Foreign PolicyForeign Policy

Ireland is trapped in its American Dream

By Eoin Drea

27 Apr 2023 · 6 min read

Editor's Note

FP unravels the complexities of Ireland's dependence on U.S. tech and pharma giants, and the looming OECD tax reforms that threaten to shake the nation's economy to its core.

A strange thing happened in the eurozone economy at the end of last year. Despite widespread forecasts that the common currency area would plunge into recession and register negative growth in the last quarter of 2022, it managed to eke out a small gain of 0.1 percent. What is remarkable is not that Europe beat expectations, but that it was one small country—Ireland—whose surging economy single-handedly prevented the eurozone from slipping into the red.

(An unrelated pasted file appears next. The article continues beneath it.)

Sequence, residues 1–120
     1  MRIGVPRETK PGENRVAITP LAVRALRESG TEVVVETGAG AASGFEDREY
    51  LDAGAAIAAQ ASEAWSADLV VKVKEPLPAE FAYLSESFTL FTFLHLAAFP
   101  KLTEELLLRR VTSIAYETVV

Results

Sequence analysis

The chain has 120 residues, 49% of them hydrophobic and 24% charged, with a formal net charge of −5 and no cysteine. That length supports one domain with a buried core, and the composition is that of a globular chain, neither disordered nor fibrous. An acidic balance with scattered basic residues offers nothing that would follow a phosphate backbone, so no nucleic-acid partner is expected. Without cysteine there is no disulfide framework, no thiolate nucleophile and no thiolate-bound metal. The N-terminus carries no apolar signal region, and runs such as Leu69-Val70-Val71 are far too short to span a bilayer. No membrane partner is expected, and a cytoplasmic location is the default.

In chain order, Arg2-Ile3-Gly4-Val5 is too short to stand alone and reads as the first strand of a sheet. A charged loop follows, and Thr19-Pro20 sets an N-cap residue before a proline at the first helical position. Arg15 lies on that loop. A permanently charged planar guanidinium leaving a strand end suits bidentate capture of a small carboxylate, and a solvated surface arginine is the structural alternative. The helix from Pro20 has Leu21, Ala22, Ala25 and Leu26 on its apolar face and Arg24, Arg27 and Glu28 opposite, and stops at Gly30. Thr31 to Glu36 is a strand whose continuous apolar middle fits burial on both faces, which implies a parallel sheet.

Almost unbelievably, little Ireland, with a population of only 5 million, now has the economic scale to shift the growth statistics of the entire eurozone and its 343 million inhabitants. In 2022, Irish GDP growth of 12.2 percent compared to 3.5 percent in the eurozone as a whole. In absolute numbers, only Germany, France, and Italy contributed more than Ireland to eurozone GDP growth in 2021 and 2022. Ireland’s economic boom has enabled the country’s government to post a budget surplus of 1.6 percent of GDP, even as eurozone countries struggled with an average deficit of more than 3 percent.

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